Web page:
Harry A. Overstreet, an American Educator who was the first to write about the panel process said, “No one, under any circumstances, is to rise and make a speech. To do so will be the one unforgivable offense!” So don’t let them give a speech at a panel discussion!
A conference organizer recently emailed, “Unfortunately the fact that most people (certainly in our market) don’t have a high regard for panel discussions is one of the main reasons we never do them at our conferences.”
I’m always on the look-out for unique ways to spice up a panel discussion – and most of them seemed to be based on TV games or reality shows. Imagine my surprise when Mary Foley shared a technique akin to “The Newlywed Game” to kick off a panel she moderated at last week’s National Speakers Association
San Diego Comic-Con, the world’s largest conference celebrating the historic and ongoing contribution of comics to art and culture, just ended. Although I can’t prove it, I believe Comic-con has the most number of panels scheduled for one conference AND the largest room to watch a panel (Hall H can hold 6,500 attendees – and it was packed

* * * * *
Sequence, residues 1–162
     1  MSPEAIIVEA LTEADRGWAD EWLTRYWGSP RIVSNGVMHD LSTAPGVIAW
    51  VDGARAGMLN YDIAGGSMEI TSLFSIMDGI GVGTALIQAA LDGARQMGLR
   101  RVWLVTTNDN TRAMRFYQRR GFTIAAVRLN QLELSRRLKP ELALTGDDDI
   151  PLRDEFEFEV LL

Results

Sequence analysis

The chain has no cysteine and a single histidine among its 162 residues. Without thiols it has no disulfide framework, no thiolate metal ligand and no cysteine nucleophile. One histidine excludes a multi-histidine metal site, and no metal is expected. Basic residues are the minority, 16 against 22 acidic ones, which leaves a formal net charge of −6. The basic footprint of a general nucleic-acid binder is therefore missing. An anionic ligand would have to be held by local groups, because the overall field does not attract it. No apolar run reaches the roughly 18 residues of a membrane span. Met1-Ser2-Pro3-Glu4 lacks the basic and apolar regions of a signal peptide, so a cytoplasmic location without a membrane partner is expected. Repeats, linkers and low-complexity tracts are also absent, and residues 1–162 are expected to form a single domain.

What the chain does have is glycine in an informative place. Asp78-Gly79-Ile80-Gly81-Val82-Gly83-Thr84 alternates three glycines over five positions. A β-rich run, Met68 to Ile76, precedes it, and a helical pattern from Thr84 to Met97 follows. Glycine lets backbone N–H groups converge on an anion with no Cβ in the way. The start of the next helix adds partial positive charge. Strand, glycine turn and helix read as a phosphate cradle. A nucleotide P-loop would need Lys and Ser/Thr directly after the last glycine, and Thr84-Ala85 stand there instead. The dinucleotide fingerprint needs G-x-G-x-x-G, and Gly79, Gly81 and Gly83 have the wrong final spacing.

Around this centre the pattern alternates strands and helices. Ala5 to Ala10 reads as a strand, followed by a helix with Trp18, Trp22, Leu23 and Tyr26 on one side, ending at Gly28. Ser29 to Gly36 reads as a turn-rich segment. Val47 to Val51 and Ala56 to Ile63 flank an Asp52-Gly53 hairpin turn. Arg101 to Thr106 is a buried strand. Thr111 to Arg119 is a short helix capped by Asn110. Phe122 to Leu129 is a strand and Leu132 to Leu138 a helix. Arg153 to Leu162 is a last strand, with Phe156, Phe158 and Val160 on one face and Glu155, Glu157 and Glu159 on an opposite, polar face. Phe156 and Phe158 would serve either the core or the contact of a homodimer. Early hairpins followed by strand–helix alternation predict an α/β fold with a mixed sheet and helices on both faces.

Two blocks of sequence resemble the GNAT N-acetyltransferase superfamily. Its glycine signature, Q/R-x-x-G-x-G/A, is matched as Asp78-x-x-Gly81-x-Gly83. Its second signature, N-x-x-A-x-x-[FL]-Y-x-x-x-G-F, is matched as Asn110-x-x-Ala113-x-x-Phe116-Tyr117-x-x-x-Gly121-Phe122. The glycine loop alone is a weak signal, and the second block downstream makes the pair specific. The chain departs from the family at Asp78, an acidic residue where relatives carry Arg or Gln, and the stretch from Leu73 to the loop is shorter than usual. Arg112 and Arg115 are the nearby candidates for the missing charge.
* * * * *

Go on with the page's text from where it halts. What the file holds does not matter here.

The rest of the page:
When putting together a powerful panel, round up a handful of interesting people with different experiences and perspectives. In other words, look for DEEP panelists:
“Oh, we don’t use panels at our conferences,” says the meeting organizer for a well-known conference.
I was facilitating a roundtable discussion at an un-named conference recently and watched an A/V perfect storm – a confluence of events that, individually would have been no big deal. Taken together, it was severely irritating.
Harry A. Overstreet, an American educator, first coined the term “panel discussion” in a short article “On the Panel” published in the October, 1934 issue of The Trained Nurse and Hospital Review. In essence, Overstreet envisioned the panel as a “glorified conversation [with] all the delight of generous give-and-take. And if it is a genuinely